Spring, 2021: Three Keys to Getting the Most from Your Reciprocating Pump

    • Reciprocating pumps date back more than 2,000 years, but it takes skill and knowledge to operate them efficiently. Unlike other pumps that provide steady fluid pressure, the stroke of a reciprocating pump produces a pulsating flow with a peak up to three times greater than its average flow.  

      For that reason, it is no surprise that the most common root cause of reciprocating pump performance problems (based on technical support calls to pump manufacturers) involves suction piping that cannot supply the peak flow demands of the pump. Here are some tips on how to attack piping and other issues surrounding reciprocating pumps.

      Beware of vapor pressure. Vapor pressure is the hidden enemy of reciprocating pumps. To understand why, consider water. Water boils at 212°F at atmospheric pressure. But in Denver, the Mile High City, where atmospheric pressure is lower, it boils at 203°F. The lower the pressure, the lower the temperature at which a liquid will vaporize. The downstroke of a reciprocating pump that occurs after it expels a fluid creates a negative pressure to recharge the pump. Depending on its temperature and composition of the fluid, this negative pressure could pull gasses out of the fluid. Off-gassing may prevent the pump chamber from sucking in all the fluid it needs. It also leads to the formation of bubbles that eventually implode, causing vibration and that erode in the pump and piping. 

      Know your NIPIPA to control off-gassing. The pulsating flow in the system suction piping creates a pulse pressure that typically subtracts from system suction pressure. This is measured by Net Positive Inlet Pressure Available, or NPIPA, which is the absolute pressure at the inlet (including acceleration pressure as a negative) of the pump above the absolute vapor pressure. Long lengths of suction pipe, elbows, tees, strainers, valves, and other accessories can decrease NPIPA to unacceptable levels and lead to poor performance and off-gassing. Consider, for example, a pump operating at 150 strokes per minute and supplying 71 gallons per hour. A 10-foot length of half-inch piping could subtract 10 psi from the supply pressure. To avoid such sharp falloffs, increase pipe diameter and limit the length of pipe, elbows, tees, strainers, valves, and other accessories installed in the suction piping wherever possible.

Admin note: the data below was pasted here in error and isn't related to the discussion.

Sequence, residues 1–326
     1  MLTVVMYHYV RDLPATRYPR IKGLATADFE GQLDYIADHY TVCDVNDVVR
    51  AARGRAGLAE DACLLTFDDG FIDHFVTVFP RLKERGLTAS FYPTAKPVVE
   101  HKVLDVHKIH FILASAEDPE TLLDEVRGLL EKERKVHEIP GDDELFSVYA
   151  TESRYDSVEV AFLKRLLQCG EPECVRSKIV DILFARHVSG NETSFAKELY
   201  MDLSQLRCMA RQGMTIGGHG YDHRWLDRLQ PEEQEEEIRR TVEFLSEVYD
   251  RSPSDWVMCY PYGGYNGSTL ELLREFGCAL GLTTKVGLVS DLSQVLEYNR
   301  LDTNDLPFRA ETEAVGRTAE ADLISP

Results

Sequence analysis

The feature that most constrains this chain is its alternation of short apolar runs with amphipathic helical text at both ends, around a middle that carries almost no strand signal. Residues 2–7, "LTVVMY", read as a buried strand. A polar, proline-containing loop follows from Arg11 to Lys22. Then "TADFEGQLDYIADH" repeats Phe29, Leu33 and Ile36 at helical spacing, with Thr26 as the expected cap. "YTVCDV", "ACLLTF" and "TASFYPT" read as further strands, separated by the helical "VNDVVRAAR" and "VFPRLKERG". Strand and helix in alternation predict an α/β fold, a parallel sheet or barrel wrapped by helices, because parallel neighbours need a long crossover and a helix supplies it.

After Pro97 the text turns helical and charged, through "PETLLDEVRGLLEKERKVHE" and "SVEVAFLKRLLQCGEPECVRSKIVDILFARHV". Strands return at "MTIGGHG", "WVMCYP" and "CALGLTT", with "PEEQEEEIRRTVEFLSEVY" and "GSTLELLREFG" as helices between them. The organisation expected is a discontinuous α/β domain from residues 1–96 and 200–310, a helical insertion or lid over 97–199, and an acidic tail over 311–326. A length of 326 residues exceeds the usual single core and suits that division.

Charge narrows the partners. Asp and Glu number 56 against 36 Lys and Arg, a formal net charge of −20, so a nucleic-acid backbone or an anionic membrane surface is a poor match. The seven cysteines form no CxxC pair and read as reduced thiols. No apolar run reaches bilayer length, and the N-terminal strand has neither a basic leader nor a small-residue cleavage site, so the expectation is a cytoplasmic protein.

Design with negative pressure in mind. The pulsating flow in the system suction piping creates a pulse pressure that typically subtracts from system suction pressure. One way to avoid a large pressure drop is to size pipes properly. The longer and smaller the pipe diameter, the greater the pressure drop caused by the acceleration of fluid surging through it. On the other hand, shorter, wider pipes will have less impact on pulsation pressure and produce less of a pressure drop. The rule of thumb for shorter pipe runs with few restrictions is to increase one pipe size above the suction connection. For long piping runs with multiple bends, elbows, restrictions, and/or higher viscosity liquids require larger size piping.

      To learn more about proper operation of reciprocating pumps, check out these Hydraulic Institute standards.  

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